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					The Essentials for Paraoptometric
  Personnel in Understanding
       Medical Optometry

          Jeff D. Miller, O.D.
         Stillwater, Oklahoma
     millereyedoc@cockrelleyecare.com
Baby Boomers

• Approximately 80 Million
• 7,918 people turn 60 each day in 2006
• That’s 330/hour
• Every day until 2014, 10,000 Americans
  turn 50
• 1/8 Americans are 65 or older
Health of Americans

• Diabetes –epidemic in children
• HTN – steep rise
• CVD – linked w/HTN
• Obesity – 15% in 1980 - 33% in 2004
• Obesity doubles the risk of vision loss
 AMD, Glaucoma, Cataracts, Diabetes
Ocular Disease -TODAY

• Diabetic Retinopathy is the leading cause
 of blindness ages 25-74

• AMD is the most common cause of
 blindness in Americans 60 and older

• Cataracts are the leading cause of
 blindness in the world
Ocular Disease-TODAY

• Glaucoma – 2.2 million cases diagnosed, 2
  million undiagnosed

• 1 Million blind, 2.4 million visually
  impaired (2/3 are female)

• By far the most common ocular disorder:
    “Ocular Surface Disease” or OSD
Ocular Disease Estimates
In The Year 2020
• NEI Eye Prevention Research Group
• Diabetic Retinopathy – 50% increase
• AMD – 70% increase
• Glaucoma – 3.36 million – 53% increase
• Legal Blindness – 70% increase

• In 2036 all today’s numbers will double
REMEMBER- OF THE EYE DISEASES WE ARE
COVERING TODAY THEY REPRESENT:
 A. THE LEADING CAUSE OF BLINDNESS IN THE USA
    AGES 25-74.

 B. THE LEADING CAUSE OF CENTRAL VISION LOSS IN
    PATIENTS OVER 60

 C. THE SECOND LEADING CAUSE OF PREVENTABLE
    BLINDNESS IN THE USA (CATARACTS ARE FIRST)

 AND THERE IS NO WAY TO TELL YOU HAVE THEM BASED ON THE
  WAY YOU FEEL! THEY ARE ONLY DETECTABLE THROUGH AN EYE
                    HEALTH EVALUATION
GLAUCOMA
• Glaucoma is a group of diseases that can damage the
  eye’s optic nerve and result in irreversible vision loss and
  blindness.

• Glaucoma is multifactorial – it is not a single disease
  process. Rather it is a large group of disorders.

• The term glaucoma should only be used in reference to
  the entire group of disorders, just as the term cancer is
  used to encompass many clinical entities with certain
  common denominators.
GLAUCOMA
• The common denominator in glaucoma is
  optic nerve damage/death which derives
  from various risk factors.
• Glaucoma is the leading cause of
  preventable blindness in the US.
• There are several forms of glaucoma, the
  most common is Primary Open Angle
  Glaucoma or POAG.
Forms of Glaucoma
• POAG, Primary Open Angle Glaucoma
• LTG or NTG, Low Tension or Normotensive
    Glaucoma
•   Angle Closure Glaucoma
•   Congenital Glaucoma
•   Secondary Glaucoma’s – Pigmentary Glaucoma,
    Neovascular Glaucoma, and Inflammatory or
    Uveitic Glaucoma, Angle Recession Glaucoma
Risk Factors for Glaucoma
•   Intraocular Pressure, IOP
•   Genetics - Family History
•   Age (increases after 40yrs and 60 yrs)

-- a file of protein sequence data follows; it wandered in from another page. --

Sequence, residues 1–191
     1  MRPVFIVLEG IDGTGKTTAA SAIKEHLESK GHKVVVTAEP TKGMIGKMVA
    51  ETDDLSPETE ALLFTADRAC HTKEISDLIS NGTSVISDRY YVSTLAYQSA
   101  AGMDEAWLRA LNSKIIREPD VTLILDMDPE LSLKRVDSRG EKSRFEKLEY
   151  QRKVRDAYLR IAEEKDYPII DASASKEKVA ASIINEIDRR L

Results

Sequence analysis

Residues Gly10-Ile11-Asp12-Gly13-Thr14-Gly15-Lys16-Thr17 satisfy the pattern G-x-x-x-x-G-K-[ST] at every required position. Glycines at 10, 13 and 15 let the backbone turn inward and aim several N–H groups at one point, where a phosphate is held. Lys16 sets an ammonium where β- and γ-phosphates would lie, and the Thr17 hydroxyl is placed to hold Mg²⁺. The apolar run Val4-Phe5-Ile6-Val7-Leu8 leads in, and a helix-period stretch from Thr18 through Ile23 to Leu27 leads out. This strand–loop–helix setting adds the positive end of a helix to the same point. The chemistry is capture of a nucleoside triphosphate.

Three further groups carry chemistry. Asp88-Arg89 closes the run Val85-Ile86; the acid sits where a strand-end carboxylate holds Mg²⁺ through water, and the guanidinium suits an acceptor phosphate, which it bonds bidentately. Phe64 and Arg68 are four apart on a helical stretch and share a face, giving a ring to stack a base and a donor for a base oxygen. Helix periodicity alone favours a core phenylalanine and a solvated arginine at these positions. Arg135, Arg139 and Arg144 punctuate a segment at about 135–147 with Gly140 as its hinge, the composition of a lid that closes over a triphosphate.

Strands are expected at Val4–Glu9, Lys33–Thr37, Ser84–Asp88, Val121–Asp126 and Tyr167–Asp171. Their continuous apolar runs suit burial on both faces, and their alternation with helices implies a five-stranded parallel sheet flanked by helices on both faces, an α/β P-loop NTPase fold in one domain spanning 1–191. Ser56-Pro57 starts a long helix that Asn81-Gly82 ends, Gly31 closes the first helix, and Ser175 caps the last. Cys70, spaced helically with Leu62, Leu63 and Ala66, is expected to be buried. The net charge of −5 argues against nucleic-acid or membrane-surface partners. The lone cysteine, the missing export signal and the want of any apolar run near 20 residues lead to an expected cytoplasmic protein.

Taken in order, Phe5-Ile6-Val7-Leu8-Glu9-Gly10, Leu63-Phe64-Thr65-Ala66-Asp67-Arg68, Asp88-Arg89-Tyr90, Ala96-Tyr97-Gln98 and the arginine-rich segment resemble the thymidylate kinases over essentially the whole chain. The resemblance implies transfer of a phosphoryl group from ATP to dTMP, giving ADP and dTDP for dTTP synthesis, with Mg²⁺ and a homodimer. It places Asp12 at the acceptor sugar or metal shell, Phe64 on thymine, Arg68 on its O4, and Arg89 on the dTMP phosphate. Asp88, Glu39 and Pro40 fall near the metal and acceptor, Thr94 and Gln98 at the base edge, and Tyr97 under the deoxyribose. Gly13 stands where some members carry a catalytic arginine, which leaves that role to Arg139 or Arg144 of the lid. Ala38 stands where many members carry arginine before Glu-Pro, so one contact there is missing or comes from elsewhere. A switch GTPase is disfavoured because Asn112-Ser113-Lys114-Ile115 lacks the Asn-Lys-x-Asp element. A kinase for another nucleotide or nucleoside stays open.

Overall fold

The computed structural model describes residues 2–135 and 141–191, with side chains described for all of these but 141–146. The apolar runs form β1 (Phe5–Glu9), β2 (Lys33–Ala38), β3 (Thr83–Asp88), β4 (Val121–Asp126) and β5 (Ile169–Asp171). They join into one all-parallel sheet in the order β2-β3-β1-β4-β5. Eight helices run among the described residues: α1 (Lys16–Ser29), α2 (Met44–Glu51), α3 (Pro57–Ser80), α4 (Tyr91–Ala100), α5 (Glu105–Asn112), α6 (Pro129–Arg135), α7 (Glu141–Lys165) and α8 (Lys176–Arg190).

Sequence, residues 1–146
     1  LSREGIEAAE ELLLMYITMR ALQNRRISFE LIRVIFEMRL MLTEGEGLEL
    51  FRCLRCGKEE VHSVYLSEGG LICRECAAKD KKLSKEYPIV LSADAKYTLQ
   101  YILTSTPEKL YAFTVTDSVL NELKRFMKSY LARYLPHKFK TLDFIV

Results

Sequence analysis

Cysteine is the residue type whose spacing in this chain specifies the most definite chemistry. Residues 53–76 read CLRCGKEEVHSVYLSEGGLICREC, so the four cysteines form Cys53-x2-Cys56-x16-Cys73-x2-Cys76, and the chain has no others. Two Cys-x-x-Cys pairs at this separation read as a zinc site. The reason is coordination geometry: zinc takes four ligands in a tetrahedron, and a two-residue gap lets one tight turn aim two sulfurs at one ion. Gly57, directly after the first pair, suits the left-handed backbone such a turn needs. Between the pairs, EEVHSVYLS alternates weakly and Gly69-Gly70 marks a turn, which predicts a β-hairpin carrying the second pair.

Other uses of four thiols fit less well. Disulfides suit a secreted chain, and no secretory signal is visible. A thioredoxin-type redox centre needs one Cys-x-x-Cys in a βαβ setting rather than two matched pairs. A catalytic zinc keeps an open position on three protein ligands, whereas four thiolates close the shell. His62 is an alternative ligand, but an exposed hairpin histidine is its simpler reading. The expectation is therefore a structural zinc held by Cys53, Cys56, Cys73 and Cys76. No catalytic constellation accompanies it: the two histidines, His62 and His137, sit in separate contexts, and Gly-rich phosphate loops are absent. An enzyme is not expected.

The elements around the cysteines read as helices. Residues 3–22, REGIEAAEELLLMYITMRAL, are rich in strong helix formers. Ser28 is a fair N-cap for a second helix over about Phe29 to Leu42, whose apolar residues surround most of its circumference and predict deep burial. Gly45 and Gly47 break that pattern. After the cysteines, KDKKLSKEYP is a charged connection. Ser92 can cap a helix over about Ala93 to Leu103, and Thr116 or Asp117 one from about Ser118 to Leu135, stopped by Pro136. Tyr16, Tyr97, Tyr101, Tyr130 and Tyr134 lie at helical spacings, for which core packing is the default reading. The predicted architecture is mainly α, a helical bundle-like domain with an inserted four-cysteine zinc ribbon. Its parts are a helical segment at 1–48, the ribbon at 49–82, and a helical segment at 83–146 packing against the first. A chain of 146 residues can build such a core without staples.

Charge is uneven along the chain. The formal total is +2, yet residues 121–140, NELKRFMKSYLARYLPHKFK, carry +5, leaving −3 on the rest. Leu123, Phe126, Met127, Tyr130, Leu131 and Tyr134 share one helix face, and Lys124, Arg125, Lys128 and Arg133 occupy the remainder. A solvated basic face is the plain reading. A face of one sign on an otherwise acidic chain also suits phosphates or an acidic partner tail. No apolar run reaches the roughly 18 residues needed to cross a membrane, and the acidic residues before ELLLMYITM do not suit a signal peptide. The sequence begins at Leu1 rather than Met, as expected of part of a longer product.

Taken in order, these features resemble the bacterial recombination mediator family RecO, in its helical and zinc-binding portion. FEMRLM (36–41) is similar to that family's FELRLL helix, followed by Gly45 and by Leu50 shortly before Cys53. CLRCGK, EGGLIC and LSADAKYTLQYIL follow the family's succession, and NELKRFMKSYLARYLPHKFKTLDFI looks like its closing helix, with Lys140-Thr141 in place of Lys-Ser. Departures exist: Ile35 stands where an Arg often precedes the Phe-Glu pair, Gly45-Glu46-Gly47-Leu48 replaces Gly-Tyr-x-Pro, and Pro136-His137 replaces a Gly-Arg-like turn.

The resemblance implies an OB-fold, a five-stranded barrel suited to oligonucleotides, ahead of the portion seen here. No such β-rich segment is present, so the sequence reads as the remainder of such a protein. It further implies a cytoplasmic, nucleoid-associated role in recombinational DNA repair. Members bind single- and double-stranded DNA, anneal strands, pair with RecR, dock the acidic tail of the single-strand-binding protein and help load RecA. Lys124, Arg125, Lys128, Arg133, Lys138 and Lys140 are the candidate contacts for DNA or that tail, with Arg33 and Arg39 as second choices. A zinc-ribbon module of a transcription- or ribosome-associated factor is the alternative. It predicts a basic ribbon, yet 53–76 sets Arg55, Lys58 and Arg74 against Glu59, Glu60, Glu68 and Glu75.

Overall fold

•   Race (African American, Hispanics)
•   Gender (men or women?)
•   Diabetes Mellitus
•   Cardiovascular Disorders
•   Obstructive Sleep Apnea
Glaucoma Diagnosis
• Traditionally: IOP, optic nerve changes, visual field
  defect – treat or monitor.
• Risk factors are better known today and play a large role
  in treatment initiation.

• Today’s technology also allows much earlier diagnosis
  and treatment initiation through various
  tests/technology:IOP, stereoscopic optic nerve
  evaluation, optic nerve topography, nerve fiber layer
  analysis with scanning lasers and OCT, central corneal
  thickness, gonioscopy, Visante OCT, blood flow analysis,
  and visual fields.
Diagnosis
• IOP – “normal” 10-22mmHg
• Remember LTG or NTG, IOP appears
    in the normal range
•   ONH evaluation –characteristic changes
•   CCT - central corneal thickness obtained via pachymetry
    - normal is 555 microns
•   Gonioscopy – evaluates where the aqueous fluid drains
•   Nerve Fiber layer Analysis: GDx VCC, HRT II and III,
    OCT (i.e.Stratus,Cirrus)
•   Visual Fields
ONH EVALUATION

Normal Healthy Optic Nerve
Grading cup to disc ratio
Normal Healthy Optic Nerve
   with small C/D Ratio
SUSPICIOUS ONH
GLAUCOMATOUS
ADVANCED GLAUCOMA WITH OPTIC ATROPHY
ADVANCING GLAUCOMA WITH
NOTCHING OF SUPERIOR RIM
                                  EMGTS-patients with
                                  exfoliation or recurrent
                                  disc hemorrhage may
                                  have worse prognosis
                                  and need greater tx and
                                  closer observation.



                                      CNTGS-”strongly
                                      predictive of disease
                                      progression”



OHTS-detection of disc hemorrhages-
84% were detected only by photos
16% by exam and photos. Increased
risk of glaucoma development found
however, 86.7% w/disc hem have not
converted to glaucoma.
Grading cup to disc ratio
  Optic Nerve Head Analysis

                                                                               Key
                                                                               parameters
   Disc edge is                                                                are Horizontal
 determined by                                                                 Integrated Rim
 the end of the                                                                Volume* and
RPE -shown by                                                                  Cup/Disc
   blue marker                                                                 ratios

  Yellow line on
      composite
        diagram                                                                Fundus image
       indicates                                                               for verification
individual radial                                                              of scan
  scan selected